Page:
Author Archives: Stephanie

About Stephanie

I am a wife, mother of three (Seth-17, Lena-15 and Eli-12), ordained pastor, follower and vessel (albeit sometimes a broken one) of Christ. One of my other titles is that of homeschooler to my daughter (never saw that one coming!). Iced coffee, reading, baking, exploring, friendship, and musical theater are some of my favorite things. I enjoy speaking to and empowering women as they navigate various seasons in life. I hold a special passion for encouraging families with a child struggling with a mental disorder or other unique challenge.

A Reminder That My Identity is Formed by “Who” Not “Where”

The first few pages of the book jarred me. My soul felt the conviction.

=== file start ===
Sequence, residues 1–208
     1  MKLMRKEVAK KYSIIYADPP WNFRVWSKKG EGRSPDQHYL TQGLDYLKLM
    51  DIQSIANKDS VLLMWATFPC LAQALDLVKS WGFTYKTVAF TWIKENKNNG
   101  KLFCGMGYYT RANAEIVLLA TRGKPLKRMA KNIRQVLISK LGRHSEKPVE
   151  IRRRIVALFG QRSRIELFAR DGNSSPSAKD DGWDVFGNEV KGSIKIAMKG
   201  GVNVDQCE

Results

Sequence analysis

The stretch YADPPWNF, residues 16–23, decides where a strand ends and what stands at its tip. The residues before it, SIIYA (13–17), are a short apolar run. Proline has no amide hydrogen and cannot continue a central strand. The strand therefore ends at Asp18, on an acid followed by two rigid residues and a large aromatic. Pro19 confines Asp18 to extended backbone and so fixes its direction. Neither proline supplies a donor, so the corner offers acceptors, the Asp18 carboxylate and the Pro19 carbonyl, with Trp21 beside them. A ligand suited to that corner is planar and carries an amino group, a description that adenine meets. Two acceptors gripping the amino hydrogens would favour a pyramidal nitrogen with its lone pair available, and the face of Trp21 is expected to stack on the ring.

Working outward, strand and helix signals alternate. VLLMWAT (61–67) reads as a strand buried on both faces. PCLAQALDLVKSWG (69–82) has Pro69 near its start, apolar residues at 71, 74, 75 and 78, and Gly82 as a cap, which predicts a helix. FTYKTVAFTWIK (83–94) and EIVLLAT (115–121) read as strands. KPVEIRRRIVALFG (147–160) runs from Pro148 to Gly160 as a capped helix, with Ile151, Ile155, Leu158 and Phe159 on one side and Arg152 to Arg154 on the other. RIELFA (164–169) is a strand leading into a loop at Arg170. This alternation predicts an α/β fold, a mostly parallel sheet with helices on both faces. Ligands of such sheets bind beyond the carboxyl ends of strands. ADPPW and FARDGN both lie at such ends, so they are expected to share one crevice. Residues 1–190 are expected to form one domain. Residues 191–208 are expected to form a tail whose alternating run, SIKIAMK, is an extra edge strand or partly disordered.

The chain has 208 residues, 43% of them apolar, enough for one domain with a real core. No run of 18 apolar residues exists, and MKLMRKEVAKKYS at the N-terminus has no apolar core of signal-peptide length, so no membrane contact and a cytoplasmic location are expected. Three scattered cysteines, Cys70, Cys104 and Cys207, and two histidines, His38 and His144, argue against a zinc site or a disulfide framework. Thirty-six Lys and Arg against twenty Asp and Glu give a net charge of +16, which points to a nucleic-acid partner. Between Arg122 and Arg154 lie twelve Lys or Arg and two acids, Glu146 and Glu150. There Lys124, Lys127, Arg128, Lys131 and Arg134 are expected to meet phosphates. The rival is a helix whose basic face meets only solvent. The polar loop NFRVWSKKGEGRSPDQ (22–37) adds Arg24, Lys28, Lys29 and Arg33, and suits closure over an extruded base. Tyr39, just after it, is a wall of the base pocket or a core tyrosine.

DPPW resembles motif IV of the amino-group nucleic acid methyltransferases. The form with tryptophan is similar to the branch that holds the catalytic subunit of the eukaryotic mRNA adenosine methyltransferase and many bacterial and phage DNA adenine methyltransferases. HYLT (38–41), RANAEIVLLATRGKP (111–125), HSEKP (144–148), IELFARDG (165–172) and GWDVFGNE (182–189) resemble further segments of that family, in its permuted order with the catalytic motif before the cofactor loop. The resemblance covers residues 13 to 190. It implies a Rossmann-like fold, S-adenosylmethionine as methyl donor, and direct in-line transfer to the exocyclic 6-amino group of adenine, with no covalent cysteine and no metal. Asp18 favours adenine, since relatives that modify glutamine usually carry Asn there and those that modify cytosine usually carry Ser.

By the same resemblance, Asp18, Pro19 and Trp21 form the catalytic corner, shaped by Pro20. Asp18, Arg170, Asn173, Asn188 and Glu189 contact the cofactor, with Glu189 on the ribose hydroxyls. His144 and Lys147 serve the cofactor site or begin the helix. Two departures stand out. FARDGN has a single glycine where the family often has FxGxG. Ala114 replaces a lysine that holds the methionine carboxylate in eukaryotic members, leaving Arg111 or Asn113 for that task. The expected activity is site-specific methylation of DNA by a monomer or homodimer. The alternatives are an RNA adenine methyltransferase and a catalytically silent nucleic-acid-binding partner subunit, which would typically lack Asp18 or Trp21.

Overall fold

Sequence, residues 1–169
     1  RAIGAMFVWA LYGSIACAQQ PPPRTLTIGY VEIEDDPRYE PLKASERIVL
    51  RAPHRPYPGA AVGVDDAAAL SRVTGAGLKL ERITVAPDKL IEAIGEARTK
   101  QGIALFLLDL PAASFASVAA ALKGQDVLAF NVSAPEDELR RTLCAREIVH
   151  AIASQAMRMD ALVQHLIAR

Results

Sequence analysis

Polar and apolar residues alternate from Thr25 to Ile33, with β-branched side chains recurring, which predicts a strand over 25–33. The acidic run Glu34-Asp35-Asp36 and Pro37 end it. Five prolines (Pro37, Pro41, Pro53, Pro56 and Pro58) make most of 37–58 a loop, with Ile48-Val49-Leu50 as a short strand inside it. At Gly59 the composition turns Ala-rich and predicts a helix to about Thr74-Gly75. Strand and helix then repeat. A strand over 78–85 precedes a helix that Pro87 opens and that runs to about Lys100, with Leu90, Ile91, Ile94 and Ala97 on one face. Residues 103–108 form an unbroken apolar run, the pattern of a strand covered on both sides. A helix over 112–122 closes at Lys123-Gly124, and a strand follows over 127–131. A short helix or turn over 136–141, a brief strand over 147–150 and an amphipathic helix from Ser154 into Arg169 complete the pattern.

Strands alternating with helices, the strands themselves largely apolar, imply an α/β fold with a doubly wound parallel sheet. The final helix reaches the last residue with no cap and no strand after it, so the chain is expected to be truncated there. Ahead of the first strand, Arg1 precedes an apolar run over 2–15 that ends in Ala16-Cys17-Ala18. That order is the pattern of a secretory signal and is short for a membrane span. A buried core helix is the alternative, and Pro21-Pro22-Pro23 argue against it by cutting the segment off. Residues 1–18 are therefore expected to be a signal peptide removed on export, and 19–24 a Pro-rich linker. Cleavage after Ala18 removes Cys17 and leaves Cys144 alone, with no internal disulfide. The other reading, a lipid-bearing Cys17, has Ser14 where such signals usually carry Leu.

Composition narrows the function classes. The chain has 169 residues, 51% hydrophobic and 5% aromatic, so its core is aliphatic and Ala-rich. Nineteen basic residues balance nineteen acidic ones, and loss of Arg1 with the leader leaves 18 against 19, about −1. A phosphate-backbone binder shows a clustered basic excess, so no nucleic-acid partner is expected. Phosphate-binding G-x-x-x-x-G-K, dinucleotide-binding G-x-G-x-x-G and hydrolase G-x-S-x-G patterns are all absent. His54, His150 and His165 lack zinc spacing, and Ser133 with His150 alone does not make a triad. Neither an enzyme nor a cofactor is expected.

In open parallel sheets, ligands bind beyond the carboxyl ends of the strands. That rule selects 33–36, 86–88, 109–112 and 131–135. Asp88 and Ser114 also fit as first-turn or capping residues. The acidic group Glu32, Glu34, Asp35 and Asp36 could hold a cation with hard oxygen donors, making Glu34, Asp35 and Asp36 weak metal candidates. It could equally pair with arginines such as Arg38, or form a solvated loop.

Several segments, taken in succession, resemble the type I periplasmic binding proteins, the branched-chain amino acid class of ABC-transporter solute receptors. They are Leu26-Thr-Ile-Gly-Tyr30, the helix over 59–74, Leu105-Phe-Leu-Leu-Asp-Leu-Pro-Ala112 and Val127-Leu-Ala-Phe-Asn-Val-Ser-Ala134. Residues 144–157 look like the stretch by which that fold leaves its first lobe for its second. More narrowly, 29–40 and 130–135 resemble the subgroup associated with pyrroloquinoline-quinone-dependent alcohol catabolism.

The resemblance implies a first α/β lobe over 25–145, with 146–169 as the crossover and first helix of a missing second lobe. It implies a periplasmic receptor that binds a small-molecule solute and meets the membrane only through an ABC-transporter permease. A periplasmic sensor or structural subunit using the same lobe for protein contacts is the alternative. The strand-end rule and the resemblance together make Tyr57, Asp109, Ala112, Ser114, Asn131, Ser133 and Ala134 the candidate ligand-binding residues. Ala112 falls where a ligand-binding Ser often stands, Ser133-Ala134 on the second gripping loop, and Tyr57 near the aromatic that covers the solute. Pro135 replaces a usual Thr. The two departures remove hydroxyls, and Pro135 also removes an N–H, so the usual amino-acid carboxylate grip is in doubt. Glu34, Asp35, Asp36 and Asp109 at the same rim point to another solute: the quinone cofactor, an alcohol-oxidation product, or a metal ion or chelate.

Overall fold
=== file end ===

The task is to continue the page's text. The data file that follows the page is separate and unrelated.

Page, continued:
Where do I find my daily Identity?

Like Tish Harrison Warren who wrote Liturgy of the Ordinary, I’m aware of my identity in the bigger narrative. I am God’s creation and image bearer. I am a follower of Christ. But she pushes for another title: Beloved.

Do I understand what that means? How does living as God’s Beloved inform how I live the ordinary moments of my life? 

As I wake up, my mind races to the agenda of the day: checking social media and emails, getting my son off to school, substitute teaching, writing, posting, picking up son from school, shopping, meeting….But she reminds me. Have I invited God into my day?

It’s all too tempting to live by the clock. I strive to cram in all that must be done. Any interruption is met with anxiety. I thrive in order and checking items off my list. But, subtly,my identity has morphed into many; each of which depends on individual achievements.

How did I get here?